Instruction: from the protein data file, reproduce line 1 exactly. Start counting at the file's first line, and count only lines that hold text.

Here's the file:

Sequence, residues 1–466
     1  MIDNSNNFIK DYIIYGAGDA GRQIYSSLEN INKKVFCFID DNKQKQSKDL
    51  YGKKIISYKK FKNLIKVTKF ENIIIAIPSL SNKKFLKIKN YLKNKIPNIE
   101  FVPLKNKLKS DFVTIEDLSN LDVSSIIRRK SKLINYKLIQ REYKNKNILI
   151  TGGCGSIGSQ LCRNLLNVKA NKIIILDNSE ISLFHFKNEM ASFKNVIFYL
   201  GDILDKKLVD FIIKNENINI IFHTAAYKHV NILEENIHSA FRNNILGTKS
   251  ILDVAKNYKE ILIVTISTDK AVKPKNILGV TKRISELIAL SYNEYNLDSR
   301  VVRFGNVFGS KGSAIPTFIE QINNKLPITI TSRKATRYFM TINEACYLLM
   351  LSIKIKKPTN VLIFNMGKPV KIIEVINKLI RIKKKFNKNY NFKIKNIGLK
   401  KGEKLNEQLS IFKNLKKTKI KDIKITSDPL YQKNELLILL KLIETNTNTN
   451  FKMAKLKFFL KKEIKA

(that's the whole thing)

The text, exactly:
Sequence, residues 1–466